Mauritius, a sparkling crystal in the turquoise waters of the Indian Ocean, will fascinate you. The contrast of colours, cultures and tastes makes the island so charming that the scene is set for an unforgettable beach holiday. Here, you have the opportunity to experience unparalleled luxury: a level of refinement that is head and shoulders
Sports & nature
The flora of Mauritius is composed of 700 species of indigenous plants. Many of these plants are threatened with extinction. This is because there is less than 2% of their natural habitat left, and because introduced plants and animals compete and destroy their fruits and seedlings.
In collaboration with the National Parks and the Conservation and Forestry Services, the Mauritian Wildlife Foundation is working to protect the species and the forest for future generations.
In an island where people originate from a wide variety of places, the local cuisine is a testament to the influence of this melting pot. This produces remarkable results: in Mauritius, you can travel to all corners of the globe without leaving the table
Mauritian cooking is in a class of its own: it is a combination influenced by people of different cultures and cooking traditions. Mauritian people are adventurous with food, and are perfectly happy to eat Creole, Chinese, Indian or Muslim food.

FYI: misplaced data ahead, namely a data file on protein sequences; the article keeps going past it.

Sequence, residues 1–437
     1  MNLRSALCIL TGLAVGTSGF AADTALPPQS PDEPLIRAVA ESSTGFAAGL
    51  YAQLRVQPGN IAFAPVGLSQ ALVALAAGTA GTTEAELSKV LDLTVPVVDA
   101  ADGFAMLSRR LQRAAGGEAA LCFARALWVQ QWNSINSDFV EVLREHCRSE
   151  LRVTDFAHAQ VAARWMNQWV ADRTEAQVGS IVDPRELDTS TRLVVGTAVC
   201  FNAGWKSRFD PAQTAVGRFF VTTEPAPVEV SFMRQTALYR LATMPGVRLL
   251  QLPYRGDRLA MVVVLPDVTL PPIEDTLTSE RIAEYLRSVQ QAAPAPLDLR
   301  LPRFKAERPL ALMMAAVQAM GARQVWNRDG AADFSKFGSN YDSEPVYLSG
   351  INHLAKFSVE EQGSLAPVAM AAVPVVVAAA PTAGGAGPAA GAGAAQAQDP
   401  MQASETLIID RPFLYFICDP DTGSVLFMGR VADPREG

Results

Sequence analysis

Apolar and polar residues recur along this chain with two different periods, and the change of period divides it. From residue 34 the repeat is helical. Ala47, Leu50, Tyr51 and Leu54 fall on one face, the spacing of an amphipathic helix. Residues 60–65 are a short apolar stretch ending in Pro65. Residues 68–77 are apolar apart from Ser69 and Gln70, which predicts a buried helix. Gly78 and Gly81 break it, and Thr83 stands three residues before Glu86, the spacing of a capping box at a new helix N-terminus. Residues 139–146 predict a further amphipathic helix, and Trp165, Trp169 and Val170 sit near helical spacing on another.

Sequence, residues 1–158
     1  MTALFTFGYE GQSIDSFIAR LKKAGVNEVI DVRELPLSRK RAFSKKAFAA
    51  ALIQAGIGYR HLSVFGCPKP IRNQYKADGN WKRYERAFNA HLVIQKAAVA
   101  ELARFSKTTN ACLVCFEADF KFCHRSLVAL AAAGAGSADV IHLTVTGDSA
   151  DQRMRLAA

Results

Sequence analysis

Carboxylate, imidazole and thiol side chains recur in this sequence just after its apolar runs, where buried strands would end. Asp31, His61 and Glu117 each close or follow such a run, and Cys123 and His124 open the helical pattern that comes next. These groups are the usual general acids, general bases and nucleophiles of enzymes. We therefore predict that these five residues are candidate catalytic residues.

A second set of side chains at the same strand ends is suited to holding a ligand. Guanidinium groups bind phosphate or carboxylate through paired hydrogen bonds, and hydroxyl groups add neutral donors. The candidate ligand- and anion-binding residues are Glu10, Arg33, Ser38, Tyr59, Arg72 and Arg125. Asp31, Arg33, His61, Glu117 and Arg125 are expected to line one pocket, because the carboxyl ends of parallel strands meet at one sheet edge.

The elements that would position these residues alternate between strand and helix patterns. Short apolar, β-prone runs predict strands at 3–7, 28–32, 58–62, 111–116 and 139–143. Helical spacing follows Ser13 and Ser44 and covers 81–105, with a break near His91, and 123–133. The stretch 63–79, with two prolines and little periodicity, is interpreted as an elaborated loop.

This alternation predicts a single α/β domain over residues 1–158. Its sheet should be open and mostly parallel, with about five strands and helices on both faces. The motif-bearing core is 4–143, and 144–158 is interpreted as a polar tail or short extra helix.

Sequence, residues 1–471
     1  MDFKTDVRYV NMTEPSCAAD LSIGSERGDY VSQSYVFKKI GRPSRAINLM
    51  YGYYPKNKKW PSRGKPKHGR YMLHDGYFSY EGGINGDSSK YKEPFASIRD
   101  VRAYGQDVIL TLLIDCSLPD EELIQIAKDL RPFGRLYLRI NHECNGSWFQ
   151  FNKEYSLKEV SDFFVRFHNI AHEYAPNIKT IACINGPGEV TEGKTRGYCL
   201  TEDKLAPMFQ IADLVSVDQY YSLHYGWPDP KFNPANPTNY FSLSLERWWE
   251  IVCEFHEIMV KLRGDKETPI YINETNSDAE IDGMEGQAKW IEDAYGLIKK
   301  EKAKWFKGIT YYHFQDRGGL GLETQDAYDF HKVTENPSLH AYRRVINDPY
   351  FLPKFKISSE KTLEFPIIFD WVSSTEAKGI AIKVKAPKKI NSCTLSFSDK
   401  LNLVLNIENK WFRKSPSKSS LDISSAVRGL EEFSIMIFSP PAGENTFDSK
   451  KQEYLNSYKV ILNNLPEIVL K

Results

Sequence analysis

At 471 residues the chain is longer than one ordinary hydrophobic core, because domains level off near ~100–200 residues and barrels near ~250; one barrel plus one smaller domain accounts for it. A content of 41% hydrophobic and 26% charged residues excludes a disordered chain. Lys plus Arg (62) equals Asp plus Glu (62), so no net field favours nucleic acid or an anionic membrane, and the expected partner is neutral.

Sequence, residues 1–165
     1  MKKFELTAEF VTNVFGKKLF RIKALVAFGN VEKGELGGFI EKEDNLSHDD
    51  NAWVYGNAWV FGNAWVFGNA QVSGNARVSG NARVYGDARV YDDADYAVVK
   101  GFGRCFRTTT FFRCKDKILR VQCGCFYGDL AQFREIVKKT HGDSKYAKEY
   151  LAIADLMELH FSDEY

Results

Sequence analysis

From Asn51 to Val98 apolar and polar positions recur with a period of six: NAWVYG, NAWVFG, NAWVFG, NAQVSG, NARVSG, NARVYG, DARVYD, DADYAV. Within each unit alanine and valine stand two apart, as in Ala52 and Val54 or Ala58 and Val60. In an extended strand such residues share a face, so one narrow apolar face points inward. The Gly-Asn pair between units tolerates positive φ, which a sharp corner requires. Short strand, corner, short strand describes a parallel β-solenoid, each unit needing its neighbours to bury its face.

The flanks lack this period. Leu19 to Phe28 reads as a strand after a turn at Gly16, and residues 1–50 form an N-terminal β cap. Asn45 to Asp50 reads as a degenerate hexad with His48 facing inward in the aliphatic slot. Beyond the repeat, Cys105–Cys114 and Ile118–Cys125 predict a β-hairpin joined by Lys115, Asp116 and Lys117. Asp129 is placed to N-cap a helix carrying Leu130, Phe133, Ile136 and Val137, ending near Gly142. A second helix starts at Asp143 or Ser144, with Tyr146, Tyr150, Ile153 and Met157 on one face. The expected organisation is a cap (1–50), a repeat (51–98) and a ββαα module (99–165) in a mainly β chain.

Culture and history infoCulture
- What makes Mauritius so special is not so much its tropical ambience but its multicultural identity, and a culture that combines the best of French style, Creole exuberance, Indian elegance and Chinese cuisine can only be fascinating. But these diverse cultures have not just co-existed – each has gained a little from the other over the years to offer a truly Mauritian experience. In fact, it is the unique nature of the island’s colourful history and its multi-ethnic people that combine to make this one of the world’s great holiday destinations.
- Of volcanic origin and generally sheltered by barriers of coral reefs forming natural, safe, crystal clear lagoons, Mauritius has long been a dream destination. Known to the Arabs as early as the 10th century, but officially discovered in 1505 by the Portuguese navigator Pedro Mascarenhas, the island was occupied successively by the Dutch (1598-1712) and the French (1715-1810), and was ceded to Great Britain in 1814 through the Treaty of Paris. On 12 March 1968, Mauritius became Independent. Republic Day was proclaimed on 12 March 1992.